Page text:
Milat seen for the first time in years
Ivan Milat has been released from hospital and will return to prison, but to Long Bay jail's aged and frail unit not back to the Supermax high risk management centre in Goulburn.
The 74-year-old serial killer looked thinner but in reasonable condition as he sat handcuffed in a wheelchair pushed by armed prison guards from Prince of Wales Hospital.
Wearing spectacles, a prison green tracksuit and white velcro-fastened sandshoes, he held his head up and was looking alert as he was wheeled to a vehicle to transport him to Long Bay.
Milat was taken to the hospital's secure locked wing two weeks ago for treatment for oesophageal cancer and has reportedly lost 20kg.
It is only the second time Milat has been outside of prison in a decade, the last time being in 2009 when he was taken to Goulburn Hospital after severing his little finger with a plastic knife in Supermax.
Milat has been in prison since his 1994 arrest for the murders of seven backpackers whose remains were found in the Belanglo State Forest, an hour's drive north of Goulburn.
He was convicted in 1996 and given seven consecutive life sentences which means he will die in custody.
NSW Police are preparing to speak to Milat about his crimes and unsolved homicides he is linked to as he battles terminal cancer.preparing to speak to Milat about his crimes and unsolved homicides
Milat has never confessed to killing seven backpackers and has maintained he is innocent.
NSW Police minister David Elliot has already urged Milat to do "one last honourable thing on his deathbed" and openly answer questions relating to his crimes.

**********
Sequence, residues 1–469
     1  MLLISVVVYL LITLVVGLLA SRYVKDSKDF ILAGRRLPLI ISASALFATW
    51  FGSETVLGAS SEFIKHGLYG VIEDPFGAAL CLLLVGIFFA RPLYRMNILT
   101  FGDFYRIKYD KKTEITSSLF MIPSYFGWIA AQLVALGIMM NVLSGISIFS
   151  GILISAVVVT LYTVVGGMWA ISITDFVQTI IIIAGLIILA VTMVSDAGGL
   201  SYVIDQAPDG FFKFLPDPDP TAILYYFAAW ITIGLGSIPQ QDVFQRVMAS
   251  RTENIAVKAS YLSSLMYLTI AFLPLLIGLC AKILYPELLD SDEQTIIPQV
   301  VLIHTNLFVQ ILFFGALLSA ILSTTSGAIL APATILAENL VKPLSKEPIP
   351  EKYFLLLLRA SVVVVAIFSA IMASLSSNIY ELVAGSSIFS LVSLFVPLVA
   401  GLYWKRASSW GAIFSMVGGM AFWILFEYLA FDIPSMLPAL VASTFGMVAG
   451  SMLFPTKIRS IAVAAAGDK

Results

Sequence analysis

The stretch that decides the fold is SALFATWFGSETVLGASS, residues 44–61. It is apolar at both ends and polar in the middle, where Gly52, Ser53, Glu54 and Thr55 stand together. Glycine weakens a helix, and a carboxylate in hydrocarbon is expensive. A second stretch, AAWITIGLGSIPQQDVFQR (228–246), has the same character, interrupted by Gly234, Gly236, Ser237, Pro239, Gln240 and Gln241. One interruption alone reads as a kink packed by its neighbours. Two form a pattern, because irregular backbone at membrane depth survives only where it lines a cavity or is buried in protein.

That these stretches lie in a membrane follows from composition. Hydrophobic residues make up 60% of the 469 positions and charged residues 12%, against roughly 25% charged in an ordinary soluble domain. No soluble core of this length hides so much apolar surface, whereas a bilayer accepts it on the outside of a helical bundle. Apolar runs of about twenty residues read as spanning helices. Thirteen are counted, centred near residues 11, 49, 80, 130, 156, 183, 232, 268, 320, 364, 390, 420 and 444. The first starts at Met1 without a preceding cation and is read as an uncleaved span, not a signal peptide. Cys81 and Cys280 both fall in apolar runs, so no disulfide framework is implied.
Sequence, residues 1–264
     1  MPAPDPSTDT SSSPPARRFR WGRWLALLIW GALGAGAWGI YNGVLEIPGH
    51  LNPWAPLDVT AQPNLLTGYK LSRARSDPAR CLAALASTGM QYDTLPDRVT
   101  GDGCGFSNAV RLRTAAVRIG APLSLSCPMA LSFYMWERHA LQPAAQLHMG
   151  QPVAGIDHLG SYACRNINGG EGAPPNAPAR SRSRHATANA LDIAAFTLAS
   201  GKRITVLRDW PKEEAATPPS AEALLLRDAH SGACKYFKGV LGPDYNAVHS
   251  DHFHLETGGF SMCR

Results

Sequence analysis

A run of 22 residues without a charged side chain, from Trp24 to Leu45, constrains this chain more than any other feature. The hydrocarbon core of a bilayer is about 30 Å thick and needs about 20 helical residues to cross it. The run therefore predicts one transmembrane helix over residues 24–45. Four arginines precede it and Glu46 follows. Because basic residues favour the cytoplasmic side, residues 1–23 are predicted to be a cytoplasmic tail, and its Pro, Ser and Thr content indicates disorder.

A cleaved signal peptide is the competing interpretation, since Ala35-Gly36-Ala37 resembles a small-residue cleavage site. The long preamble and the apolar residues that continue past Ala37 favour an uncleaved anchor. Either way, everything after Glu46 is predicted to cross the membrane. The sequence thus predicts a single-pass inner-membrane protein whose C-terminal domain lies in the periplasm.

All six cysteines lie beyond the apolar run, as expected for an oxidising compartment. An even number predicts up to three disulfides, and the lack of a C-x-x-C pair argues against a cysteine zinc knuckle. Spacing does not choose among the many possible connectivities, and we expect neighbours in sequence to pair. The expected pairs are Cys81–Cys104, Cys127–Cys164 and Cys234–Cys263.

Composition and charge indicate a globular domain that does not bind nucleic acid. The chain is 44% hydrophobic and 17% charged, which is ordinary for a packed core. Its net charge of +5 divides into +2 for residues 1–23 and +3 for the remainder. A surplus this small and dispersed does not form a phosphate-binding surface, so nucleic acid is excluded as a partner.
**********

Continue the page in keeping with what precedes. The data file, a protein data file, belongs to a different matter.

Mr Elliott also said Milat should assist police with any questions related to his crimes, and any other cases police suspect he may have been involved with.
Despite overwhelming evidence connecting him with the Belanglo murders, Milat has always claimed he is innocent and has previously refused to respond to questions about other murders.
Police have expressed the view that Milat's killing spree did not start and end in the Belanglo State Forest.
They believe that he had preyed on hitchhikers he picked up on NSW highways and that among the State's missing persons and unsolved murder files are the faces of people who have encountered Milat.
In 1971, Milat picked up two female teenagers hitchhiking in chillingly similar circumstances to the abduction of his future Belanglo victims.
The young women accepted a lift from Milat while hitchhiking south near Liverpool in western Sydney.
He produced knives and a rope and drove them to a secluded field in the Southern Highlands.
Milat bound the pair hand and foot and threatened to murder them if one of them didn't have sex with him.
He told the victims he had done this before, several times.
In 1974, Milat was acquitted of the rape and walked from court.
The facts of the assault were precluded from evidence at his 1996 trial for the Belanglo murders, but the road worker had by then roamed free for decades until his 1994 arrest.